For the first time all season, the Wolverines really missed Lewis’ All-American presence on the field.

3. The offensive line has plenty of room for improvement.

After struggling to protect the run last week against a heavily stacked box by Central Florida, Michigan’s offensive line had trouble with pass blocking this week. Redshirt sophomore quarterback Wilton Speight got through his first two games as a starter relatively pain-free, but he was constantly under duress in the first quarter against Colorado. Speight was sacked three times and appeared rattled early on, completing just three of his first 12 passes and totaling just 25 yards.

He ultimately settled down, throwing for 229 yards, a touchdown and no interceptions (despite a number of passes that made contact with defenders), but he certainly could have benefitted from some better pass protection.

On the flip side, the Wolverines’ run game was markedly better, as senior running back De’Veon Smith broke free for a 42-yard touchdown and the backs tallied 168 yards as a group, even with the 22 yards lost by Speight sacks. Michigan has the talent to beat teams even if the ground game or passing game is neutralized, but an improved offensive line might help the Wolverines craft a more balanced attack.

4. The kicking unit’s rhythm needs fine-tuning.

After fifth-year senior Kenny Allen had an uncharacteristically poor game on Saturday, going 1-for-3 on field goals and booting a few below-average punts early, it was apparent that something was slightly off with Michigan’s kicking unit.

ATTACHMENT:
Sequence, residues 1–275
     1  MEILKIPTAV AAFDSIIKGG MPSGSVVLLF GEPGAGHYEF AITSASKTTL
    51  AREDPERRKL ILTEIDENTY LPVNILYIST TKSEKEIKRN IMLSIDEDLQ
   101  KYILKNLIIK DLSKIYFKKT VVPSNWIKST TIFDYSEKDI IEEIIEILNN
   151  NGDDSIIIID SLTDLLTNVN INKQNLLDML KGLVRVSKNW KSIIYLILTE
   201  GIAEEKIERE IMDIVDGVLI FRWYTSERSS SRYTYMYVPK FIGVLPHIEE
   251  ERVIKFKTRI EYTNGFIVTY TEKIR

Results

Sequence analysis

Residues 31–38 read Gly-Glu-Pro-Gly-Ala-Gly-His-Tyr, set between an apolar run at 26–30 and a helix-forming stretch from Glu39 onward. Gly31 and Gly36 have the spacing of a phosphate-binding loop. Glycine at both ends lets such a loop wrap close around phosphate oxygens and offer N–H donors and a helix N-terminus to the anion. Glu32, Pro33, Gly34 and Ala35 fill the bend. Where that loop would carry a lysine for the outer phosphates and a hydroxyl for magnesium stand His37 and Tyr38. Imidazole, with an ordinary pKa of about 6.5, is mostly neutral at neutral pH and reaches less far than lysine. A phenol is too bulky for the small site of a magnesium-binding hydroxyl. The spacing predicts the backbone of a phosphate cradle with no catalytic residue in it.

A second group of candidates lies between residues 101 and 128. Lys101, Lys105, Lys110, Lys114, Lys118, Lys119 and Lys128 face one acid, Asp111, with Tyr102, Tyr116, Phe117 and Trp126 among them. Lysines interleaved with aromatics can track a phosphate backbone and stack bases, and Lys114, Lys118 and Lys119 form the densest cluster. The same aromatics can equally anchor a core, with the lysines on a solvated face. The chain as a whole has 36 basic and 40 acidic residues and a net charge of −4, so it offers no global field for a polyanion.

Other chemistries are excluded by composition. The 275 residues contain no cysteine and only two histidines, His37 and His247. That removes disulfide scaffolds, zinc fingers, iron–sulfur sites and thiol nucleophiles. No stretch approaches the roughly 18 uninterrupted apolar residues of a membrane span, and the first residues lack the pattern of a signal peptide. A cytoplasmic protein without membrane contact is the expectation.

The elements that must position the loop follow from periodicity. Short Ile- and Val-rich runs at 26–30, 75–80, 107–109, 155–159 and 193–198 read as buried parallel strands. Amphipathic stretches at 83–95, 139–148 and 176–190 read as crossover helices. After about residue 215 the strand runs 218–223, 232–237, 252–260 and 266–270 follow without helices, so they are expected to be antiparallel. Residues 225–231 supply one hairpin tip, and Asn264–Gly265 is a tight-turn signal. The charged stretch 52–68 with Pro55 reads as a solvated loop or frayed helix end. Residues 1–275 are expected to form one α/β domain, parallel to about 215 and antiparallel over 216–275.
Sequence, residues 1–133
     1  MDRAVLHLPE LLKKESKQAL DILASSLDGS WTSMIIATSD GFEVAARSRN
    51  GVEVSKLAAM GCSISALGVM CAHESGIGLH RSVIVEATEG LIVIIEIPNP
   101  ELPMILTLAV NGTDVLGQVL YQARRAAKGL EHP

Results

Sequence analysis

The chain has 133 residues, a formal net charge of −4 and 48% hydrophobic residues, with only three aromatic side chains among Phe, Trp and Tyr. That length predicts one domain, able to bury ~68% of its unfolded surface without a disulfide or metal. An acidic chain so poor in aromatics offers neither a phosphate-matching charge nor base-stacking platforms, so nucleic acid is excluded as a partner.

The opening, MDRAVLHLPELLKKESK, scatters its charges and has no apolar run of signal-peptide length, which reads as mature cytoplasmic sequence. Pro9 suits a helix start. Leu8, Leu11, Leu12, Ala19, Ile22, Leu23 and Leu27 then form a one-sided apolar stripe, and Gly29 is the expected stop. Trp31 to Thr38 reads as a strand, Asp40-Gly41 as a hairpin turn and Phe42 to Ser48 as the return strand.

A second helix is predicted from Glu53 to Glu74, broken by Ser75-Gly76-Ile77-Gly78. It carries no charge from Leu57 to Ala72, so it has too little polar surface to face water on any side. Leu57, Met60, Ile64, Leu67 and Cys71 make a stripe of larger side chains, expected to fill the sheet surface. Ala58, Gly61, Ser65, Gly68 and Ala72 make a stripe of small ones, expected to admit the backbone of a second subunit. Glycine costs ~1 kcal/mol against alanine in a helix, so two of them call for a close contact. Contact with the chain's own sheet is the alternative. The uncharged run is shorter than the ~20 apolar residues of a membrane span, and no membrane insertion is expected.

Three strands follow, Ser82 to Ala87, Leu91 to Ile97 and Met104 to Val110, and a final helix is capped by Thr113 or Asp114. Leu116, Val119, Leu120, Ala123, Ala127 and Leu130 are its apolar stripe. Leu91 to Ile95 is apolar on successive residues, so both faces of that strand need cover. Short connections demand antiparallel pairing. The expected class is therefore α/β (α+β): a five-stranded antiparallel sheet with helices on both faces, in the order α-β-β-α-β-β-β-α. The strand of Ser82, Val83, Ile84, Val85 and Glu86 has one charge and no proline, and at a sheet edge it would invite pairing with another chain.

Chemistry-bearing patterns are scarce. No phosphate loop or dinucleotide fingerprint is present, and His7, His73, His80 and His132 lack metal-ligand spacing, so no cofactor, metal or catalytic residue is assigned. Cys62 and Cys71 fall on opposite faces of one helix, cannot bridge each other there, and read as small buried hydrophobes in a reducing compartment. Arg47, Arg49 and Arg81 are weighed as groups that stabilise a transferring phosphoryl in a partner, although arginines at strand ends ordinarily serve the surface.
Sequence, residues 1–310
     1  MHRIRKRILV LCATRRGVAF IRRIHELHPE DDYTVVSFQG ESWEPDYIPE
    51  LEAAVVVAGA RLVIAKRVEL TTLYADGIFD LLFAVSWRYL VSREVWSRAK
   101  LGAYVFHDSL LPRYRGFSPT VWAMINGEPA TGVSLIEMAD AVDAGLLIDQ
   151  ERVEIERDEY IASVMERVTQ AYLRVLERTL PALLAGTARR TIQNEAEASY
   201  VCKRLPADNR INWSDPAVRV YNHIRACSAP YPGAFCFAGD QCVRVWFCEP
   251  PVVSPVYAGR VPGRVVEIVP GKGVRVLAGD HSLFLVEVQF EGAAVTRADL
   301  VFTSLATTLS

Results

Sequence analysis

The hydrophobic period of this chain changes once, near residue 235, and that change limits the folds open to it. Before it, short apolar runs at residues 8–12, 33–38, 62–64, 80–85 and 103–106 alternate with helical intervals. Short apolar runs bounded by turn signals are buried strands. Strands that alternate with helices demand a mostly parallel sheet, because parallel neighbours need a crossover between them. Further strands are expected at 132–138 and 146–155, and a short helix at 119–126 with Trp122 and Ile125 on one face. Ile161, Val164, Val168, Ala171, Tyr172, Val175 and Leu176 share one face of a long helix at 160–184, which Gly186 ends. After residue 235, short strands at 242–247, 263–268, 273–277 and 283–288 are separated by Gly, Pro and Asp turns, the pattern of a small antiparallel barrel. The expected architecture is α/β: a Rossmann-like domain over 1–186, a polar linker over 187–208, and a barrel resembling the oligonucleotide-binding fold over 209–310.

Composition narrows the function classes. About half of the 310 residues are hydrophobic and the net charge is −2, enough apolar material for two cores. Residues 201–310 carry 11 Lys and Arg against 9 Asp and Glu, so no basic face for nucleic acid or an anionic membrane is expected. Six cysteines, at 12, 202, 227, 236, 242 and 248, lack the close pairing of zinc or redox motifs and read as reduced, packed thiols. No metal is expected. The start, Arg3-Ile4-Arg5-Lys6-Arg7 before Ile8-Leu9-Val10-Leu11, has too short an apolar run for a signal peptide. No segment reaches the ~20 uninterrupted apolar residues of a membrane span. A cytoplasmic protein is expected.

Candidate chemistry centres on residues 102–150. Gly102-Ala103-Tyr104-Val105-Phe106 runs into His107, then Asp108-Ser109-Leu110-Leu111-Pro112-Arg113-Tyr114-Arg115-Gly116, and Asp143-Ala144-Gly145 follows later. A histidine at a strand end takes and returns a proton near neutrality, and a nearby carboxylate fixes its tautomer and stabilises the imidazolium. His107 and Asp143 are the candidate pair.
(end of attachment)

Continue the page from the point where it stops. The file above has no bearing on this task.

After the game, Harbaugh pointed to a slight timing problem, also mentioning that redshirt junior Scott Sypniewski might have overcompensated for a few high snaps in warmups by snapping the ball too low during the game.

“Go back and look at it, but (since last year) our operation with the snap, hold, and the kick has been as good as any in college football,” Harbaugh said. “The snap’s been over the spot, laces at 6:00, ball through the middle of the upright on the kick.

“Today it was off. Snaps were low, laces were at 12 (o’clock), Kenny was hot and cold a little bit on kicks — kickoffs and punts, and the kicks.”

5. BOLD PREDICTION: Peppers scores an offensive touchdown and special teams touchdown in the same game this season.

Since Peppers first committed to Michigan in 2013, he has drawn comparisons to another elite three-way player for the Wolverines: former Heisman Trophy winner and likely future NFL Hall of Famer Charles Woodson. And Saturday night, Speight compared Peppers’ offensive skills to an elite runner and return specialist, Stanford’s Christian McCaffrey.

Now that Peppers has scored a special teams touchdown and played offense for the first time this season, he could be poised to achieve one of McCaffrey’s biggest accomplishments: scoring in multiple phases in the same game. If Harbaugh uses Peppers on offense in big games like he did last season — and if Peppers adopts Woodson’s flair for the dramatic — the feat could come against a huge rival like Michigan State or Ohio State.